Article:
1. HOW CAN AN IMAGE OF PROTONS TELL US A TON ABOUT YOUR REDOX POTENTIAL IN YOUR CELLS?
Today’s blog is stimulated by a challenge I received during the epic 12.5 hour Q & A that occurred after a talk I gave in Pasadena in September. During the period an older radiologist challenged my statement that there was no way that I could look at a MRI image of one of my patients and deduce anything about their diseases, physiology, anatomy, or redox potential. The topic came up because I casually mentioned some of my MRI bio-hacking tricks of the trade to diagnose osteopenia and osteoporosis to another anesthesiologist who was in our group. I explained to both physicians the more data we can pull out tests already done on patients the better prepared we can be for things we may face in our treatment plans. The anesthesiologist seemed to get that insight, because he understands in surgery we need to prevent problems before they occur by any means possible to gain extraordinary outcomes. I wish I could say the same for our radiologist colleague.
The radiologist challenged me with his dogma, and not facts. I tried to be gracious to him, but it was clear to me, and those in attendance, that I could not explain the physics of MRI imaging to him in a short period of time without boring the crowd. I invited him to come my forum or speak with me off line, but neither one happened. I was in teaching mode but this fellow was more interested in pushing the conventional wisdom agenda that I usually encounter in a hospital. I mentioned to one of the young ladies who was in the crowd, who was a medical student, that I was going to revisit this situation in a blog. I felt it was too important to let fester. If we do not strive for excellence we will wind up with mediocre, and that is just not good enough for patients.
To be able to see or appreciate something, you must first know or believe it exists, or at least ,not have preconceived ideas that it just can’t happen. Here is where the rubber meets the road in this teaching point.
I assured him that it was not only possible but based upon a scale of science he or I did not learn in medical school or residency. I believe I infuriated him when I told him that I believed he was a sucker to his beliefs that were given to him by his mentors in radiology. I know it was an “ego blow” to have a surgeon tell him, that something he was “expert in” reading had a lot more depth of information about matter and energy than he could fathom.
So today’s blog is about going back to the fundamental science he just could not accept.
In 1952, the Noble Prize was given to Felix Bloch and Edward Mills who introduced the concept of nuclear magnetic resonance (NMR) to chemistry and physics in 1946. The quantum idea buried at the heart of the NMR is that one can voluntarily “force” the alteration of atomic orientation of atoms by altering the orientation of the magnetic moment of all atomic nuclei. We can do this by entering into a resonance with them. A resonance is a frequency, oscillation or vibration. When we enter a resonance with atomic nuclei, we can modify their overall magnetization by giving them a specific energy in the form of a radio wave at a very precise frequency to disrupt that resonance and measure the effects.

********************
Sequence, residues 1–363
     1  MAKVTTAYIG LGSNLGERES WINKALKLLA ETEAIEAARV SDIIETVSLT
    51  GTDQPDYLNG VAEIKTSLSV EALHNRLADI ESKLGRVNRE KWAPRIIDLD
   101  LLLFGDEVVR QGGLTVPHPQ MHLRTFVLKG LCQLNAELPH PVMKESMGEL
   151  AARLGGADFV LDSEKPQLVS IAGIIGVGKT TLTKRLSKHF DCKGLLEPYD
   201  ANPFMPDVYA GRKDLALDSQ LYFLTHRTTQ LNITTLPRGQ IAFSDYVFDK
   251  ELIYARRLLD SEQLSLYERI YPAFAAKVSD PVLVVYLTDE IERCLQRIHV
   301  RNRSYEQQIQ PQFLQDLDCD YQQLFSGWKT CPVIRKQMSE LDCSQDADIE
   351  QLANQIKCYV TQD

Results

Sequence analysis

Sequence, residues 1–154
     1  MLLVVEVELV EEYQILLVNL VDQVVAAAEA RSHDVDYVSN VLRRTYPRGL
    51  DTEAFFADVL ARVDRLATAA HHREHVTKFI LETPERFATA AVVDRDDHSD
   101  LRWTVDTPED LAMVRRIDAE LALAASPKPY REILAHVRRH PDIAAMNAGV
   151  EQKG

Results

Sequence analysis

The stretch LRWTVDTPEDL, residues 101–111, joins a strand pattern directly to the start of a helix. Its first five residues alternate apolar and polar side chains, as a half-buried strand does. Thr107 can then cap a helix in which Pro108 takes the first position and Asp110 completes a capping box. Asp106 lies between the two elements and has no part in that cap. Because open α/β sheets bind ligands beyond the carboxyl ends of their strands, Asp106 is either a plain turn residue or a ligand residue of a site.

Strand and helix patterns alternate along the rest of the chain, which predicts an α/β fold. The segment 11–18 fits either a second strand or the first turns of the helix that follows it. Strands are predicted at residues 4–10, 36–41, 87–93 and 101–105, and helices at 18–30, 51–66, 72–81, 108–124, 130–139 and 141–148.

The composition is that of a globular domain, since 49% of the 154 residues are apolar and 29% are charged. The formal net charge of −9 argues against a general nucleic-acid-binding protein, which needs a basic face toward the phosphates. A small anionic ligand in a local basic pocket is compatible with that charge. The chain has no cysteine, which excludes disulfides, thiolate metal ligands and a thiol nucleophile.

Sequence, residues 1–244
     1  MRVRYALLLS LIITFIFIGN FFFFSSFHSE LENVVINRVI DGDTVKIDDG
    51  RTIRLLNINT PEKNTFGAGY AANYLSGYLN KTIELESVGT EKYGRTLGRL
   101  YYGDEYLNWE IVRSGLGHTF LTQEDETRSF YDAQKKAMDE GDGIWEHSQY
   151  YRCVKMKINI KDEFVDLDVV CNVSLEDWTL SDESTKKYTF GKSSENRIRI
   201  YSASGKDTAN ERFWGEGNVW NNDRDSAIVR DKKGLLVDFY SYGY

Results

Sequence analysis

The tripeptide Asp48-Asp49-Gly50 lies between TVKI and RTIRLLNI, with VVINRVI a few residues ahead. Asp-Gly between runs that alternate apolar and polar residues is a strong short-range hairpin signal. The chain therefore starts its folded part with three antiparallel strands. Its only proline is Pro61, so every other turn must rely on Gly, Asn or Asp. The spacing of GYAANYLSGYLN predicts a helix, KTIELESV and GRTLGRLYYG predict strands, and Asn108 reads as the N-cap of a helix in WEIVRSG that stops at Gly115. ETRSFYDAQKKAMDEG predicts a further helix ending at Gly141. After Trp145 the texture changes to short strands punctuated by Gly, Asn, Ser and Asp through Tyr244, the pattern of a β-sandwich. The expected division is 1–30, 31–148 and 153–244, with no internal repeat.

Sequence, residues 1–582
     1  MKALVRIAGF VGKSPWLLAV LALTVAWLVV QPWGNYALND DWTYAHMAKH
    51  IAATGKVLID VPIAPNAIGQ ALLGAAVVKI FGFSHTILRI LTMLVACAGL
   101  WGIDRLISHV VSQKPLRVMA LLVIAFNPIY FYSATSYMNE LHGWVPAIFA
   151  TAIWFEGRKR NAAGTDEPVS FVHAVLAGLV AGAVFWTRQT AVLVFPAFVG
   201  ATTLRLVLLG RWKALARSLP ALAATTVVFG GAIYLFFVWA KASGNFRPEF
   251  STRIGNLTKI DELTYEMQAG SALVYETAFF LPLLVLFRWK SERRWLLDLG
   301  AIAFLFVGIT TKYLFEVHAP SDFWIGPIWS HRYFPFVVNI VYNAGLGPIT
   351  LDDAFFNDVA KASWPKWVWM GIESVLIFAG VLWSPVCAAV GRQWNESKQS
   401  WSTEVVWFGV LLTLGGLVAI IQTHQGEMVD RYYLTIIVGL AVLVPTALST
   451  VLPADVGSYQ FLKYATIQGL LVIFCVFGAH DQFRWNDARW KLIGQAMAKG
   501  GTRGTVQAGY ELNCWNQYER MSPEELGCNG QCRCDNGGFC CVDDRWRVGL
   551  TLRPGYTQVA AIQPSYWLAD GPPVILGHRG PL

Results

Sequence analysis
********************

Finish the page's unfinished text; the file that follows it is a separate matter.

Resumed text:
It is important to point out that not all atomic nuclei are capable of being magnetized. Those made up of an even number of protons and neutrons do not have a magnetic moment. When the number of both is even, magnetic effects are nullified within the atomic nucleus. I turns out that life uses this to create stability. This is why C14 and O16 are key atoms of proteins in use that are designed to be long lasting and stable in our magnetic field on earth. This also happens to be why radiologists have fallen in love with the H+ proton for image generation for MRI’s. Hydrogen forms 2/3 of water molecules, is abundant in us, and makes up 99% of the molecules by number in our body. Water happens to make up 80% of the brain’s mass. We have 30 millions of billions of water molecules in us!
Water, however has some interesting properties that our radiologist friend might not have known. Water is what hides quantum mechanisms from biology. Water is a cell’s natural Faraday cage. We live in world of the infinitely small where quantum physics dominates all biologic effects. And that world is quite different from the world we observe. The job of a quantum clinician is to teach a patient how to see the things with their mind that their eyes cannot observe and MRI’s happens to be one of my major teaching tools in my clinic.
In a magnetic field of 1.5 tesla, 1 tesla represents 20,000 times the strength of he magnetic field in New Orleans. Protons from water can line up in the direction of the magnetic field, or in an opposing orientation. The direction of their “lean” depends tremendously on the intensity of the magnetic field they sense, which is determined by the difference in the number of protons in these two orientations. It turns out the difference of a 1.5 tesla and 1.0 tesla magnetic field is seen in only 50 protons per 1 billion. At 3 tesla’s it rises to 100 protons per billion. Since we have 30 million billion water molecules in us, it begins to make a huge difference in what the observable magnetic moment is. So it should make sense now why higher Tesla MRI’s give better images. They are able to sense more hydrogen protons. H+ is just a single proton with its electron stripped off. This is the dominate form of hydrogen in the mitochondrial matrix where the most critical energy pathways are located. 30% of humans cells are made of mitochondria. This makes MRI a very sensitive tool for assessing mitochondrial wellness. This ratio of H+ is what determines the data on an image in a MRI. This is why MRI is a study of the atomic physics of water. Water is how we decipher environmental signals. It is not an homogenous fluid as most believe; it is an ionic plasma that imprints energy and information from the atoms around it.